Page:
The rapidly evolving field of Palliative Care focuses on the management of phenomena that produce discomfort and that undermine the quality of life of patients with incurable medical disorders. The interdisciplinary clinical purview includes those factors - physical, psychological, social, and spiritual - that contribute to suffering, undermine quality of life, and prevent a death with comfort and dignity. Palliative Care is a fundamental part of clinical practice, the "parallel universe" to therapies directed at cure or prolongation of life. All clinicians who treat patients with chronic life-threatening diseases are ingaged in palliative care, continually attempting to manage complex symptomatology and functional disturbances. The scientific foundation of palliative care is advancing, and similarly, methods are needed to highlight, for practitioners at the bedside, the findings of empirical research. TOPICS IN PALLIATIVE CARE has been designed to meet the need for enhanced communication in this field. To highlight the diversity of concerns in palliative care, each volume of the TOPICS IN PALLIATIVE CARE Series is divided into sections that address a range of issues. Addressing aspects of symptom control, psychosocial functioning, spiritual or existential concerns, ethics, and other topics, the chapters in each section review the given area and focus on a small number of salient issues to analysis. The authors present and evaluate existing data, provide a context drawn from both the clinical and research settings, and intergrate knowledge in a manner that is both practical and readable. The specific topics covered in Volume 2 are Neuropathic Pain, Cachexia/Anorexia, Asthenia, and Psychological Issues in the Caregiver.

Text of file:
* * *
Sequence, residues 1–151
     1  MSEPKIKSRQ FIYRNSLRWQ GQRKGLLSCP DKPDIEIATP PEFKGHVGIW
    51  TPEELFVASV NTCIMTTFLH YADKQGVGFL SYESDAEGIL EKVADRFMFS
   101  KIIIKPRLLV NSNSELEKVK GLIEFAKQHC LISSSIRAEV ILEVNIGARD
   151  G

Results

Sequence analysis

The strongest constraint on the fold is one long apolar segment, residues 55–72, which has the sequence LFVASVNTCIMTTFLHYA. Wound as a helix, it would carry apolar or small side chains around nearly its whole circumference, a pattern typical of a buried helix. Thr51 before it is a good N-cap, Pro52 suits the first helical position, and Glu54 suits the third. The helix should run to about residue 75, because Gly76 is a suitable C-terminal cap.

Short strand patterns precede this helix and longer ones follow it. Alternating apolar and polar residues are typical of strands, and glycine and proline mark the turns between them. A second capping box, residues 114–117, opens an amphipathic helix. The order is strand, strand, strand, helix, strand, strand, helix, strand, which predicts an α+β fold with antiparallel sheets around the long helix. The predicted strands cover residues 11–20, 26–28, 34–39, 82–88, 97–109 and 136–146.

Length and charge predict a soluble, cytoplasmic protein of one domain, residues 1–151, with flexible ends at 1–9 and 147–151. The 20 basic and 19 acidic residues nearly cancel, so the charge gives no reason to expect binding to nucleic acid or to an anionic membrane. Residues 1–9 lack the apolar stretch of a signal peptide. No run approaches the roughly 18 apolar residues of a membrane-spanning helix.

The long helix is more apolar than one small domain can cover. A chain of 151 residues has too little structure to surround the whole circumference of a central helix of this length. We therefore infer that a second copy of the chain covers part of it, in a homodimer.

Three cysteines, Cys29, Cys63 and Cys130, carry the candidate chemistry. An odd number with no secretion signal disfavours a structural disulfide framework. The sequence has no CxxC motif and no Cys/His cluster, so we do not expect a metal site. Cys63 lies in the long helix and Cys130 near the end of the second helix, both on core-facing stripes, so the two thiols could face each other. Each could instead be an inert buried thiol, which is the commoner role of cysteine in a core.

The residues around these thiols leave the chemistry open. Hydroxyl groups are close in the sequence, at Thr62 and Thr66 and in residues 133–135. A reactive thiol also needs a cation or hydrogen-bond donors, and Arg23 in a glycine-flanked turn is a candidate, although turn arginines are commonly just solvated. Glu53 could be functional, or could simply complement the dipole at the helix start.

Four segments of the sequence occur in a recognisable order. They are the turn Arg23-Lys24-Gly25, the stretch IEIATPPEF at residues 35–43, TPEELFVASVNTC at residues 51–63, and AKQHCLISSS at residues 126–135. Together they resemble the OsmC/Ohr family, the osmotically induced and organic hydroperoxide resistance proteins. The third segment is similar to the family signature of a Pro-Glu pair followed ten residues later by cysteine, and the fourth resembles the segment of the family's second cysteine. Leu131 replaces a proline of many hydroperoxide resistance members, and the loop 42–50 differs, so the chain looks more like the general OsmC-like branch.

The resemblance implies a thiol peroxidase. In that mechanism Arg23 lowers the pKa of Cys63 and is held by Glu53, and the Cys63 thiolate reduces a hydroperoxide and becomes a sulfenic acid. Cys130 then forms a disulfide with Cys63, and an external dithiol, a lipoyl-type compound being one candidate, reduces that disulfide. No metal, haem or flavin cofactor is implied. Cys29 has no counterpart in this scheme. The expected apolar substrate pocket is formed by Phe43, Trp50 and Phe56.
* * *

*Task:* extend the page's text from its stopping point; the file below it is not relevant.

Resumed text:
Publisher: Oxford University Press Inc